No Straight Answers: Transitioning
Author: The Queer Therapist
No Straight Answers: A fiercely queer guide to love, life and mental health.
Therapy sessions with trans and gender non-conforming people often end with the words, “I just need to be patient”.
For clients, this often means being patient with themselves, patient with their friends and family, and also patient for systemic change.
The process of ‘transitioning’ can be incredibly exciting, hopeful and joyous but also very painful and can involve a grieving process for all involved.
Those of us who socially, psychologically and/or medically transition have the enormous task of trying to work out what our gender identity is in a cisnormative world that assumes everyone is cisgender from birth.
For the lucky few, the process of transitioning is quick. This might be because of financial resources, good support from friends and family, or because medical transition is not necessary. These factors can mean family and societal rejection and stigmatisation is massively reduced.
For others, transitioning can be a very long and drawn-out process, particularly where there are multiple intersecting identities. Religion, race, class and other identities may mean increased stigma around being trans and gender non-conforming.
Our relationships with our friends and family can become fraught during our transition journeys. Part of the reason for this is that many trans and gender nonconforming people have spent years in secrecy coming to terms with the possibility of being trans or gender nonconforming.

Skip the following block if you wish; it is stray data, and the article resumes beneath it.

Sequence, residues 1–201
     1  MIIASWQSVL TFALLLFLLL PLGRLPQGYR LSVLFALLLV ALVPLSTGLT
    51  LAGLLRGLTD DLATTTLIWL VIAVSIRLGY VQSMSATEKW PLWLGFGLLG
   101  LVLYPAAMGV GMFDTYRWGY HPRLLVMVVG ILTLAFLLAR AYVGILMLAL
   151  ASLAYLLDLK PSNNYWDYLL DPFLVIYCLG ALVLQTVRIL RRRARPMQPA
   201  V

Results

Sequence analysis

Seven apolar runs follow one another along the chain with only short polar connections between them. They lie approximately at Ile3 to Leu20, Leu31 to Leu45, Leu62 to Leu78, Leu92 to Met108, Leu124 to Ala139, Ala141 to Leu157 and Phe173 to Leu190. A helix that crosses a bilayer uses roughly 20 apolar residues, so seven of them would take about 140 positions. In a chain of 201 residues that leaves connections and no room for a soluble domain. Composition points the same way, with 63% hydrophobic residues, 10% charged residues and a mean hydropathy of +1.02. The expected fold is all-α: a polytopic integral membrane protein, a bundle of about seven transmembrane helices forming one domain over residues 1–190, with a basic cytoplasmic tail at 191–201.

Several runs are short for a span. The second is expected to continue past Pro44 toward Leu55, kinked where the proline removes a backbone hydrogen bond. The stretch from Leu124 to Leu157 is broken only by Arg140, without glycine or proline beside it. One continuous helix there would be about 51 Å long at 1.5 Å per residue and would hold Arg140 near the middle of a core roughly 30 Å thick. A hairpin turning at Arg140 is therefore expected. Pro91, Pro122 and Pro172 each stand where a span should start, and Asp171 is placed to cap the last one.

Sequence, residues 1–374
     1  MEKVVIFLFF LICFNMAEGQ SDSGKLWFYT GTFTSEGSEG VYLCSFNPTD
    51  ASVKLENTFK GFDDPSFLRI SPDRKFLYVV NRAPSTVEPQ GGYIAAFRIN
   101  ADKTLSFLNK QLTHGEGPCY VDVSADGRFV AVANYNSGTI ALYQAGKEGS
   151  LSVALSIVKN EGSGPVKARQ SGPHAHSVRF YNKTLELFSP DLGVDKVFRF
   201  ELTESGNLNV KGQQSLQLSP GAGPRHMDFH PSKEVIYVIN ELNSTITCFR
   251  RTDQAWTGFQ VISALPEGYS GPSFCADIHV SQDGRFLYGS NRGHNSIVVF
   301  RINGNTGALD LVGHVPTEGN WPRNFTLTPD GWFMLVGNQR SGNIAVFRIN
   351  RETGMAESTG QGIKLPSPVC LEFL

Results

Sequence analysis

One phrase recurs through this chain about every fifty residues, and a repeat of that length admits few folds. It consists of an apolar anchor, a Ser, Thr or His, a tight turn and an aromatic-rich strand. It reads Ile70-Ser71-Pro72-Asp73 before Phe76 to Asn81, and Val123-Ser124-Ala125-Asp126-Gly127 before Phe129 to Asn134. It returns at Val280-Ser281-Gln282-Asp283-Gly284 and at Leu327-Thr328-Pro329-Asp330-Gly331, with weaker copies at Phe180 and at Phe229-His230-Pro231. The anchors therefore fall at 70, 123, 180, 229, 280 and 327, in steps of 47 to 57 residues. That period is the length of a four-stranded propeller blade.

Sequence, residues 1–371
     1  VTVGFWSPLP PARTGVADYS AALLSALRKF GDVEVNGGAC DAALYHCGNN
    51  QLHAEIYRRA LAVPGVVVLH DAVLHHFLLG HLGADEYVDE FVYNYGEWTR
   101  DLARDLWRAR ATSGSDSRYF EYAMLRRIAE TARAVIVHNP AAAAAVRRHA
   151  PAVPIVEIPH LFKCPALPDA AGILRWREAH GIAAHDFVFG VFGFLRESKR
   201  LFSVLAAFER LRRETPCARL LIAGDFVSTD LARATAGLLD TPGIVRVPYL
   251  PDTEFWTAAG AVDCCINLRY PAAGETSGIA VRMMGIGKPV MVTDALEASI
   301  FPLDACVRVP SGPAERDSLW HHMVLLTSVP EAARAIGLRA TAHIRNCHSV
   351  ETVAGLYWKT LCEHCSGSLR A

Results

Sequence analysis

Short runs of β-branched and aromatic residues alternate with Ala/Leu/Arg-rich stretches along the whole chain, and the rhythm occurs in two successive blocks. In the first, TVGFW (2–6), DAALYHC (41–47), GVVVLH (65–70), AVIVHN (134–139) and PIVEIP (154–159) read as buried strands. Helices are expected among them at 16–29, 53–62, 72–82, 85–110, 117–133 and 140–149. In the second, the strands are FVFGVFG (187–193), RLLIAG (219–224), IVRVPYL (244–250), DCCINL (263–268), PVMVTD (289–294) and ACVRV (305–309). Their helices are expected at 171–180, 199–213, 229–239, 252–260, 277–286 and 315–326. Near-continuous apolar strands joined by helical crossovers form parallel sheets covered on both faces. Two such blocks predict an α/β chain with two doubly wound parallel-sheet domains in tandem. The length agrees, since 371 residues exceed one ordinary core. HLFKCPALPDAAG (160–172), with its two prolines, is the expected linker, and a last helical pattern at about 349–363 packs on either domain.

When we do decide to come out to our friends and family, this long-awaited disclosure may be met with shock, surprise, disbelief, dread, fear, anxiety and all manner of painful emotions. Tragically, this disclosure is rarely met with celebration and joy.
This doesn’t mean that family and friends don’t later celebrate our transition, but these initial. sometimes painful, experiences can destabilise our relationships.
Relationship strain in friendships can also happen when trans and gender nonconforming people discover they need more queer community in their lives as they progress in their transition. I hear many of my clients voice frustration about having to upskill their cisgender friends and becoming increasingly worn out by the emotional labour involved in these relationships.
For those who wish to seek medical transition, this journey can be much longer. We know waiting times for gender identity clinics (GICs) in the UK have reached an all-time high – some upwards of 5 years. This figure doesn’t even include the extra time added between further appointments.
Whichever way you cut it, transitioning takes time.
Patience is a lesson and skill we all must learn at some point in life and when it comes to transitioning, trans and gender nonconforming people are tasked with mastering patience.
For those of you who are going through the process of transitioning and struggling, please know that it gets easier.
Trust what you need in this process and know that it’s okay to not have it all figured out.
Yes, you may lose people along the way but you’ll benefit from knowing that the ones who remain are your true friends.
Know that despite recent political setbacks, systemic change is happening. I see it everyday.
Most importantly, know that you are enough.
If you’re struggling with your transition, reach out to you local queer organisations and LGBTQIA+ therapist directories.
Trans community can be a cure-all for transitioning trans and gender nonconforming people, so find ways to connect either online or through a local LGBTQIA+ group (I’ll list just a handful of organisations below too).
For more from The Queer Therapist, follow their social channels @theqtherapist
Chris Grant, The Queer Therapist, is a trans non binary psychotherapist, sex and relationship therapist, Diversity, Inclusion and Equality Consultant and health content writer who specialises in trans and queer mental health, sex and relationships.
Brought to you by GLUE Magazine, No Straight Answers is a fiercely queer, non-normative column that looks at love, life and relationship through a queer lens.
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